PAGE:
A FEW FACTS ABOUT ITALY
Full country name: Italian Republic
Area: 301,230 sq km
Population: 57.99 million
Capital City: Rome
Religion: 84% Roman Catholic, 6% Jewish, Muslim
Government: Republic (Parliamentary Democracy).
The President is Carlo Azeglio Ciampi and the Head of Government
or Prime Minister is Silvio Berlusconi
Time Zone: Central European Time = GMT/UTC +1
Electricity: 230V ,50Hz
Weight & measurement system: Metric
The official language of the country is Italian, though every region
has its own dialect, with unique words and grammatical usages, that
are still very much spoken. The Piemontéis is the dialect
of the Region of Piedmont (also spoken in some French towns in the
Alps). In the autonomous province of Val d’Aosta (100 Km from
Turin) French is also the official language.
The weather in Turin is predominantly continental. In May and all
through springtime, Turin is at its best, with 20°C daytime
average temperature. However, evenings, especially outside the city,
can be cool
Italy doesn't present any more health worries than anywhere else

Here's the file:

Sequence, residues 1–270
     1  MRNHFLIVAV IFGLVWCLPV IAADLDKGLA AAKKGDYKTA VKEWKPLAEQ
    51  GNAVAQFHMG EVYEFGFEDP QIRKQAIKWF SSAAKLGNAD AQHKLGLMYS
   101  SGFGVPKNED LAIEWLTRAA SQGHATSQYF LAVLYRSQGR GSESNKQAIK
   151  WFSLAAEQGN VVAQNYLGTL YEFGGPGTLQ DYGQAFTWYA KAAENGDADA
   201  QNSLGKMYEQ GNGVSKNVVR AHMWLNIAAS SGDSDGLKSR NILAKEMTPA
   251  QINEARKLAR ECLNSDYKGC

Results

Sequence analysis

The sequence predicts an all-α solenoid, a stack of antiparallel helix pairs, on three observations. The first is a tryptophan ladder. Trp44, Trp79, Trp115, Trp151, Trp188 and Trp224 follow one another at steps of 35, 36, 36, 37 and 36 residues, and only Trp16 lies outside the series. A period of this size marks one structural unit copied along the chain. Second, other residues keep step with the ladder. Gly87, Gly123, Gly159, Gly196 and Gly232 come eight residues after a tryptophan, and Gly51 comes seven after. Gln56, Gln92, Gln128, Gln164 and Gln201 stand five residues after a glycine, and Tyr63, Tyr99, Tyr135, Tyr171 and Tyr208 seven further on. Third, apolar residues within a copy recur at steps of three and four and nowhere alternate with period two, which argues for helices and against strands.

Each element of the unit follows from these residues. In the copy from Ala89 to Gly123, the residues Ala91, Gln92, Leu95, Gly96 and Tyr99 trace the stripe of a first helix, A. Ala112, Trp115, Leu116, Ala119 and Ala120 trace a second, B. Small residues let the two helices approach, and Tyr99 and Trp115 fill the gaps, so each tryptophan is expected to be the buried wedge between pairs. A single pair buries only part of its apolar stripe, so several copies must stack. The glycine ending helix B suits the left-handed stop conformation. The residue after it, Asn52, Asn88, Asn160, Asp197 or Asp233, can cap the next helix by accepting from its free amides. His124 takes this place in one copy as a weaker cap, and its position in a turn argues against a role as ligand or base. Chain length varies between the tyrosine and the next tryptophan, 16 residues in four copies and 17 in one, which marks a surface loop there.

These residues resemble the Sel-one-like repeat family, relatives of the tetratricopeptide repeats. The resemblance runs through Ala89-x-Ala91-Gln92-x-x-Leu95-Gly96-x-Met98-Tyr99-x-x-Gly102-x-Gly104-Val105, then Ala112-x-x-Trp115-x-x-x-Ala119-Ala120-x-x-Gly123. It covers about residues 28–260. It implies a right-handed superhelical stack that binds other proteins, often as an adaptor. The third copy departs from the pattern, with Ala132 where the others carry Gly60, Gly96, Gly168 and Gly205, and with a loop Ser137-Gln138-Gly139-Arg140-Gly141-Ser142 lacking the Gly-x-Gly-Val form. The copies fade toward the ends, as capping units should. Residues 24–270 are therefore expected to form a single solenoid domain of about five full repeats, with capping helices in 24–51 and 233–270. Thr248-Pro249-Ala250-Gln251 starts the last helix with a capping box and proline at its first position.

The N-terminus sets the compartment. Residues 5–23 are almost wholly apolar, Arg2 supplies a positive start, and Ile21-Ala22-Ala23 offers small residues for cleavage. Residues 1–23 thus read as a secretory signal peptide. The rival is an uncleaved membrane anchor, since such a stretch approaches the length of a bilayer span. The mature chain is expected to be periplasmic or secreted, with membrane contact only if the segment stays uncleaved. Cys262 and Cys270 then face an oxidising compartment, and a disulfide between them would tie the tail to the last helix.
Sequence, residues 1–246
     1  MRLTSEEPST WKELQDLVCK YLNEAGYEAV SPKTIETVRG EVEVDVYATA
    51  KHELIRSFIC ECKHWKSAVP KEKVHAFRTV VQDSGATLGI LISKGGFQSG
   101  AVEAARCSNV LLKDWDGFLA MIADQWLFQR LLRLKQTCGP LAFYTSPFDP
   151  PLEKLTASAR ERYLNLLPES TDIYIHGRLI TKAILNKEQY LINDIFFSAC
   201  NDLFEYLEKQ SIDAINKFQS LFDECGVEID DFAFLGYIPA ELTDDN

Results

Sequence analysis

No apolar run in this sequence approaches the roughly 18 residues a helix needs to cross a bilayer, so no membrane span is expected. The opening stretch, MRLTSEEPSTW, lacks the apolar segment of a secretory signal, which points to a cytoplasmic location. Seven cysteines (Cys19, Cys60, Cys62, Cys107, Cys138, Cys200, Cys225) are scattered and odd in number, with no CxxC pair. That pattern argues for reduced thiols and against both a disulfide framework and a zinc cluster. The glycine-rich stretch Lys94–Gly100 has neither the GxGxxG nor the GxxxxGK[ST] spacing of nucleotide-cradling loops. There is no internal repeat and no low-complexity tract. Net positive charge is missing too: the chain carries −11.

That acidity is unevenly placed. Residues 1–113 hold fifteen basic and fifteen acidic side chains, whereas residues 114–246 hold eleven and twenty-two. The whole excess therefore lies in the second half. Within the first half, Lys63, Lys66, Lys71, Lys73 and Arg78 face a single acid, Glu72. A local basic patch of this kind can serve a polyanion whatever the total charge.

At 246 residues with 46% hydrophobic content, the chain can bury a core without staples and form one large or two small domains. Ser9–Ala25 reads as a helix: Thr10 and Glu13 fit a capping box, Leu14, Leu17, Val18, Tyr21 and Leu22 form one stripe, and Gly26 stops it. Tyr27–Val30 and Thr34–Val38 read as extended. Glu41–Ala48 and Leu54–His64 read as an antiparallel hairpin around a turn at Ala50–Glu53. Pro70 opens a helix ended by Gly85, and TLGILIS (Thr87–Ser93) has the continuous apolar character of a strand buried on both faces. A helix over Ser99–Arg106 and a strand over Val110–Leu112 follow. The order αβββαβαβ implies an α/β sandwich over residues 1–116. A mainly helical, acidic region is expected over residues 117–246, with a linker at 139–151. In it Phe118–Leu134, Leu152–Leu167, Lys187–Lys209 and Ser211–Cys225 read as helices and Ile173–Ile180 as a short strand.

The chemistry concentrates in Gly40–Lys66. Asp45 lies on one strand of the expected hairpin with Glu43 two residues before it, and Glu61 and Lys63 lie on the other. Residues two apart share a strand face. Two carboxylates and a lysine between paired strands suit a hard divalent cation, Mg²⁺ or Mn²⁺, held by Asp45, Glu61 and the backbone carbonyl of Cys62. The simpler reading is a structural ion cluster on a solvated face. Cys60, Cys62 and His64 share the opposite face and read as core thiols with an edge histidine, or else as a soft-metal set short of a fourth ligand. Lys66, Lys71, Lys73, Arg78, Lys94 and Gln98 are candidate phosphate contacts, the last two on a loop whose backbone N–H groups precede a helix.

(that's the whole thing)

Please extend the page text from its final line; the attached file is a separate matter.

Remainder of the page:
in Europe and no vaccination is required.
The water is perfectly safe to drink and you'll
find public fountains (usually button- or tap-operated) in squares
and city streets everywhere.
Shops and businesses open from 8-9 AM to 1PM and from about 4 PM
to 7:30 Monday to Saturday. Most shops close on Monday morning.
Except for bars and restaurants, especially in tourist areas, everything
else closes on Sunday, although in the northern cities the trend
is going towards more flexible hours and Sunday opening is becoming
There are a few shopping malls in Turin and its periphery open all
day (9:00 to 21.00) from Monday to Saturday and every other Sunday.
Banks are open Monday through Friday from 8 AM
to 1:30 PM and from about 3 PM to 4 PM. Most banks have an ATM/automatic
teller machine (Bancomat) working 24 hours a day and allow
withdrawal with most international credit card.
As a member of the European Union, Euro banknotes
and coins have been in circulation in Italy since 1st January 2002.
There are eight different denominations in the current euro coin
series, ranging from the 1 cent to the €2 coin. (2 and 1 euro,
50, 20, 10, 5, 2 and 1 cent) and banknotes of the value of 500,
200, 100, 50, 20, 10 and 5 euro.
Currency exchange is available at most banks, though the city center
is well served by change bureau.
To find out about your currency exchange rates check: www.oanda.com
Currently, the first metropolitan line is under construction. Both
urban and suburban areas are served by an efficient network of buses